One of the best day skis in Gros Morne National Park is Trout River Bowl, in the Tablelands. This concave depression rises over 400 meters above the parking lot that marks the trailhead of the Tablelands day hike trail and features some great slopes for those willing to strap on a pair of skins and hike it to the top.
The hill starts out with a low gradual rise over the peridotite barrens that make up the Tablelands, but it soon turns steep and you really have to trust your skins to get you up the slope. Heel lifters on a pair of telemark skis work well but good alpine touring gear should get you to the top as well. The views of Bonne Bay and Trout River Gulch are great as you make your way up so leave plenty of time for picture taking on your way up. Believe me you won't want to stop on the way back down.
There are plenty of hazards to watch out for when skiing the bowl and it is wise to check with park officials to get the latest conditions before heading out. This place is avalanche central! A 50+ foot cornice hangs precariously out over the middle and evidence lies all over, indicating the path of flow as pieces began to break and fall. There is a fairly safe route up if you know what to look for, but bring your probes, shovels, and beacons just in case. There is also a brook that runs down the left side as you go up. Make sure to stay well away from it, especially in late spring. A hollow, rotten, snow cover often masks the 30 foot drop right up until May.
When you do finally reach the top, remember to take a deep breath and take in the spectacular views before ripping off your skins and tearing down the hill. Sometimes you cannot reach the absolute top because the wind swept slope becomes too icy making it impossible to climb, but even from the last section before the upper bowl, you can get some great runs in. It drops in sections giving you a chance to give your legs a rest if the snow conditions are bad.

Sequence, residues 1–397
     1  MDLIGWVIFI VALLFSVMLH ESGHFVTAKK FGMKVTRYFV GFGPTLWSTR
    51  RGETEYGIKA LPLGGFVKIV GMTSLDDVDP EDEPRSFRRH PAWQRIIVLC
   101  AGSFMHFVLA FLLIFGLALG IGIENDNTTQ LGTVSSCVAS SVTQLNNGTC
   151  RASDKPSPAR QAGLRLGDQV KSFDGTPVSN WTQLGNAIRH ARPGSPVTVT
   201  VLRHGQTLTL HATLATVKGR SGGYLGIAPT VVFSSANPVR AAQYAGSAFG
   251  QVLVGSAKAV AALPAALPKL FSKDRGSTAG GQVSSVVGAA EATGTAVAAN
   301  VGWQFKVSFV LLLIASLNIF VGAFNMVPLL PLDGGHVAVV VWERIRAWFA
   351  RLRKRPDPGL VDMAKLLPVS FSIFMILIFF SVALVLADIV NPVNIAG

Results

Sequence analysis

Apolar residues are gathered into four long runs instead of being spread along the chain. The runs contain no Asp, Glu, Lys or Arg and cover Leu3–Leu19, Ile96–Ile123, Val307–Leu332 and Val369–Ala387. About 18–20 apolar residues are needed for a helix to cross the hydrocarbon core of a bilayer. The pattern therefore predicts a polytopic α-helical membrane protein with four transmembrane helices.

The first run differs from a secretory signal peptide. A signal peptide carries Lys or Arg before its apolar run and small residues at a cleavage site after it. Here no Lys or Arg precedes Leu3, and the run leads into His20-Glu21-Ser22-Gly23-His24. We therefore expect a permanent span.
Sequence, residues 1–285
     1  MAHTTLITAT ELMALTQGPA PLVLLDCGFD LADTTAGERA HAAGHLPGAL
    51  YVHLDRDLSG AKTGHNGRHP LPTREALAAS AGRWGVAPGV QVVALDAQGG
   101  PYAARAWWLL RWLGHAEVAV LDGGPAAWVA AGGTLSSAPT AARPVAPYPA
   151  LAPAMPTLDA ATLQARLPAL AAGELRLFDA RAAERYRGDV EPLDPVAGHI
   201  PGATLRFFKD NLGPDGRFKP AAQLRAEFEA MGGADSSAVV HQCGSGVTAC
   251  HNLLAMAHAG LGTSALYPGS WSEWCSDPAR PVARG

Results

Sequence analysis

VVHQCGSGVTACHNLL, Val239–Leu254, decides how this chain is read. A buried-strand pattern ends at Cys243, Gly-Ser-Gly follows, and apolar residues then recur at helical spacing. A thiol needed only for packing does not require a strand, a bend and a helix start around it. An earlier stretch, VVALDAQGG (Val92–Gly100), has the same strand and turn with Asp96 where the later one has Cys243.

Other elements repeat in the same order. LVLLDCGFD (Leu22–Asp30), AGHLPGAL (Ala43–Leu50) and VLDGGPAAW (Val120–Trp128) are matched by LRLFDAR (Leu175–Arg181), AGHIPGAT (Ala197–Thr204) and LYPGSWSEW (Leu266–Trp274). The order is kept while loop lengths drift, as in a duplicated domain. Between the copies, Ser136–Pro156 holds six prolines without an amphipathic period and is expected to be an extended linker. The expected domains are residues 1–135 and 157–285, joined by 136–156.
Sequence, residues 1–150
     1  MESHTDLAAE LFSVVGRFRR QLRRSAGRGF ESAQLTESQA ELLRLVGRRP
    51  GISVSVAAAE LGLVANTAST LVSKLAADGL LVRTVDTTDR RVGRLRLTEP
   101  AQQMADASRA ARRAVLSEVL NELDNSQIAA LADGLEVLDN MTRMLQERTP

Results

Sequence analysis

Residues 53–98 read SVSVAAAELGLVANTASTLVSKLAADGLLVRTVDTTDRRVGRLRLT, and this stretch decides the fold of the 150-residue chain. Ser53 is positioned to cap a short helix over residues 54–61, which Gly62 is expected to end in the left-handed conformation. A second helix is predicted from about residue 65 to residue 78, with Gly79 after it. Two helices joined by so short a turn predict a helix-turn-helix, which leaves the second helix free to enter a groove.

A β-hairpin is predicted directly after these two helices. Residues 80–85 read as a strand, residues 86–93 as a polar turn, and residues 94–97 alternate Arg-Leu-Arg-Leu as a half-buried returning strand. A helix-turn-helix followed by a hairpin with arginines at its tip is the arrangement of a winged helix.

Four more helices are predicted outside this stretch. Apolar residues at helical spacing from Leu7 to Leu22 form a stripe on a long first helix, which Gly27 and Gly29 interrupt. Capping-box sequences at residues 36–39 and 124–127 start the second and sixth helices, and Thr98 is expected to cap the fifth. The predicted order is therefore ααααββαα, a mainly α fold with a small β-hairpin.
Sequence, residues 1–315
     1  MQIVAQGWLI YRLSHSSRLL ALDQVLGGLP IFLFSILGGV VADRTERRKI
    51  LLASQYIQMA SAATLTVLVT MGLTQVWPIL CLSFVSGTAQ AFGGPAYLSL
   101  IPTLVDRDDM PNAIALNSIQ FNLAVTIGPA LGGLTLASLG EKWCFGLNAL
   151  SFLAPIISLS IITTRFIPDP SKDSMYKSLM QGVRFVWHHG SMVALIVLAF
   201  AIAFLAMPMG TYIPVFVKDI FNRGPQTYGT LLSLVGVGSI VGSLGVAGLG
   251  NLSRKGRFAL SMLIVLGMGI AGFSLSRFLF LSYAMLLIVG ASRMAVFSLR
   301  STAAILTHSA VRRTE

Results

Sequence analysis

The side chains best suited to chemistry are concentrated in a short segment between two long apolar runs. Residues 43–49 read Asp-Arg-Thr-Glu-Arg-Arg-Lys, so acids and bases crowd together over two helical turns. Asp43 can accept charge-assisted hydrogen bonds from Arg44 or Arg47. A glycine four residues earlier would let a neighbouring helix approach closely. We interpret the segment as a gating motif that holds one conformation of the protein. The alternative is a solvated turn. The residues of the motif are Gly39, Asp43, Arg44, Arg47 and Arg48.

On good days in the bowl you can get some of the best skiing to be found anywhere on the east coast, and even when conditions make you turns slow and mushy you can still enjoy the great scenery that the area has to offer. With skins you can get 2-3 runs per day but some people opt to use a snowmobile to ferry them to the top. This is great for getting more runs in, but you don't get to enjoy the still silence and awesome magnitude of one of the harshest places on the island of Newfoundland.
Keep in mind this is a real mountain with real dangers. Beginner's need not apply.
From Deer Lake take route 430, known as the Viking Trail. At Wiltondale take route 431 to Bonne Bay South. Turn off at the Trout River access road and look for the sign that marks the head of the Tablelands trail.
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Posted By: Bud Stokes
- Thu Oct 09 20:20:07 UTC 2008
UpsideShort approach makes for more turns! DownsideHard to get good snow. Try during Spring. Open, featureless bowl leaves you wanting more. CommentGreat area for the intermediate skier to get initiated into mountain environment. Make sure to check the avalanche conditions before going. Although the bowl is fairly featureless the daredevils can try dropping in off cornice (attemt only if cornice is not overhanging, snow is stable, no fracture lines in area, and you understand the risks associated with this type of skiing). When the setup is right you can get some major hangtime, just remember there is probably alot of avalanche debris at bottem of bowl so stomp your landing and keep your head up. Also, on the far skiers right of the bowl there are some rock-gardens and small chutes that offer some interesting line choices (once again, you must understand and accept the risk involved in skiing this type of terrain. Remember: Tomahawking down snow looks bad, tomahawking down rocks IS bad)